oversight

Reverse Mortgage Solutions, Inc., Settled Alleged Violations of Federal Housing Administration Loan Requirements Related to Home Equity Conversion Mortgages

Published by the Department of Housing and Urban Development, Office of Inspector General on 2015-09-28.

Below is a raw (and likely hideous) rendition of the original report. (PDF)

                                                         U.S. DEPARTMENT OF
                                        HOUSING AND URBAN DEVELOPMENT
                                                  OFFICE OF INSPECTOR GENERAL




                                                    September 28, 2015
                                                                                                       MEMORANDUM NO:
                                                                                                       2015-CF-1808



Memorandum
TO:                 Dane M. Narode
                    Associate General Counsel, Office for Program Enforcement, CACC

                    //signed//
FROM:               Kimberly Randall
                    Director, Joint Civil Fraud Division, GAW

SUBJECT:            Final Civil Action: Reverse Mortgage Solutions, Inc., Settled Alleged Violations
                    of Federal Housing Administration Loan Requirements Related to Home Equity
                    Conversion Mortgages

                                                    INTRODUCTION

The U.S. Department of Housing and Urban Development (HUD), Office of Inspector General
(OIG), assisted in an investigation into alleged violations by Reverse Mortgage Solutions, Inc.,
of Federal Housing Administration (FHA) regulations related to its Home Equity Conversion
Mortgage (HECM) program. The investigation began due to a qui tam 1 filed under the False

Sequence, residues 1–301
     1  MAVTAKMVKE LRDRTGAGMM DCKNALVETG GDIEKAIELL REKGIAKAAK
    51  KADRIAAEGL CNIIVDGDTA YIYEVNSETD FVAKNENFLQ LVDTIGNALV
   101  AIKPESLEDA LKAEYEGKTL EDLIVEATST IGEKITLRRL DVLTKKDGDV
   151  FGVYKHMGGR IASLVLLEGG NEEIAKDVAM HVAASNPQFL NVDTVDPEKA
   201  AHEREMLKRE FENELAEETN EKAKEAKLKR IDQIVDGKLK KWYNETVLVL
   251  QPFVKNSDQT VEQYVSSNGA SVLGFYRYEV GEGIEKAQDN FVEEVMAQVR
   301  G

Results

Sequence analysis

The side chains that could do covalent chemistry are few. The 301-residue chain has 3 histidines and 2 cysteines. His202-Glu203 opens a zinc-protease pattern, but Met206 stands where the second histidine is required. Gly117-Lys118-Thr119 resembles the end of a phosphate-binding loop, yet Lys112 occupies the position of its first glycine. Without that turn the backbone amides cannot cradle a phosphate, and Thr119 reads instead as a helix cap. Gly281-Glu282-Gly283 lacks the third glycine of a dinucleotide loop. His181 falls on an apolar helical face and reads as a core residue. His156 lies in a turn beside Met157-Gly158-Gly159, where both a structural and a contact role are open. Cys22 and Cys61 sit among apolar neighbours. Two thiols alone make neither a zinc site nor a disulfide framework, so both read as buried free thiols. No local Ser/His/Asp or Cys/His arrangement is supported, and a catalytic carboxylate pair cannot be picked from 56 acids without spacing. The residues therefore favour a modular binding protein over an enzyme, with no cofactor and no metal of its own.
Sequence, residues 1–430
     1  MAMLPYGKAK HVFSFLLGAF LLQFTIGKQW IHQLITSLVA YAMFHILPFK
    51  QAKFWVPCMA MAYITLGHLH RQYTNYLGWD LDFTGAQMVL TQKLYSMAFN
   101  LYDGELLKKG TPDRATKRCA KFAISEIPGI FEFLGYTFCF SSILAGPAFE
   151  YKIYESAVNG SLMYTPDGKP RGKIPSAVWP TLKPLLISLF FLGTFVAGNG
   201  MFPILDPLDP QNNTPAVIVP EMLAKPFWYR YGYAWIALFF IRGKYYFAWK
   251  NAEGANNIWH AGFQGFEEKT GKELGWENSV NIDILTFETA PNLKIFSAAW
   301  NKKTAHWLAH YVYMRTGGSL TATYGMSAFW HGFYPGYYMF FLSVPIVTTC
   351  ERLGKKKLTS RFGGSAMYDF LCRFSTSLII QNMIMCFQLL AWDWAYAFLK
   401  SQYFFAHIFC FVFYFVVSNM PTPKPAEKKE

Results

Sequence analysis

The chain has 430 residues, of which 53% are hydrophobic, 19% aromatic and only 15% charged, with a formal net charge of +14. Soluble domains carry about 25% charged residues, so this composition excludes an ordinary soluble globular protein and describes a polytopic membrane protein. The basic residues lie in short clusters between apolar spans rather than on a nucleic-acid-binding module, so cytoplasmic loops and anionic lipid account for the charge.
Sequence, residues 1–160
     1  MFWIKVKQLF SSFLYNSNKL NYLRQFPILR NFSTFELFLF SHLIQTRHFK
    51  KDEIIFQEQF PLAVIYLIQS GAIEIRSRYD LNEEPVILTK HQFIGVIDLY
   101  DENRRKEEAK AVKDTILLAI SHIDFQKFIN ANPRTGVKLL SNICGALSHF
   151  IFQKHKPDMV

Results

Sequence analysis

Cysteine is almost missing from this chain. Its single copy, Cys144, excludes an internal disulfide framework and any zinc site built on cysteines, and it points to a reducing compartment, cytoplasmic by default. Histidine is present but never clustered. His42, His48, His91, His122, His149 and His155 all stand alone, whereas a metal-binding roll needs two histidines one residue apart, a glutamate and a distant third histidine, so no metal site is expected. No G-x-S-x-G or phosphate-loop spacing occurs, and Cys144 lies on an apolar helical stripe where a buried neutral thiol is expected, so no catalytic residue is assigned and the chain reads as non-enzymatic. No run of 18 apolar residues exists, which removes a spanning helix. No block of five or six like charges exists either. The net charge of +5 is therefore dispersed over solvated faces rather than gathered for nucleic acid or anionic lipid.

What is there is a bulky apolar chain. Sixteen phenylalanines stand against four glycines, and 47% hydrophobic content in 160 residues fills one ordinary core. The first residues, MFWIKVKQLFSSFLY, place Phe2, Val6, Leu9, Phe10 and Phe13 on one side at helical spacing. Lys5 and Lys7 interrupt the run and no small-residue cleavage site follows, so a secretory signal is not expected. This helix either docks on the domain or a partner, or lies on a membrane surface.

Claims Act, 31 U.S.C. (United States Code) 3729, in the U.S. District Court for the Middle
District of Florida.

                                                      BACKGROUND

Reverse Mortgage Solutions is a nonsupervised mortgage company authorized on May 8, 2007,
to originate and service FHA-insured HECM loans (commonly known as reverse mortgages).
Reverse Mortgage Solutions is a wholly owned subsidiary of Walter Investment Management
Corporation, with its operations based in Spring, TX.


1
    The False Claims Act allows private persons to file suit for violations of the False Claims Act on behalf of the
    Government. A suit filed by an individual on behalf of the Government is known as a qui tam action, and the
    person bringing the action is referred to as a relator. If the Government intervenes (joins) in the qui tam action, it
    has the primary responsibility for prosecuting the action. If the Government prevails, the court may award the
    relator a share of the False Claims Act award, based on the contributions the relator made to the investigation.


                                                        Joint Civil Fraud Division
                                         400 State Avenue, Suite 501, Kansas City, KS 66101
                                   Visit the Office of Inspector General Web site at www.hudoig.gov.
Reverse Mortgage Solutions conducts loan servicing activities for reverse mortgages on behalf of
the owners of the loans. The only reverse mortgage insured by the U.S. Government is insured
under HUD’s HECM program and is available only through an FHA-approved lender. A
homeowner, age 62 or older, who has paid off his or her mortgage or paid down a considerable
amount and lives in the home as his or her principal residence, may participate in HUD’s HECM
program. The HECM program enables a homeowner to withdraw a portion of the home’s
equity, thus creating a reverse mortgage.

Unlike a traditional home equity loan or second mortgage, borrowers do not have to repay the
reverse mortgage loan until they no longer use the home as their principal residence or fail to
meet the obligations of the mortgage. When a reverse mortgage becomes due and payable, the
servicer is required to take steps to collect the amount due on the loan plus allowable costs of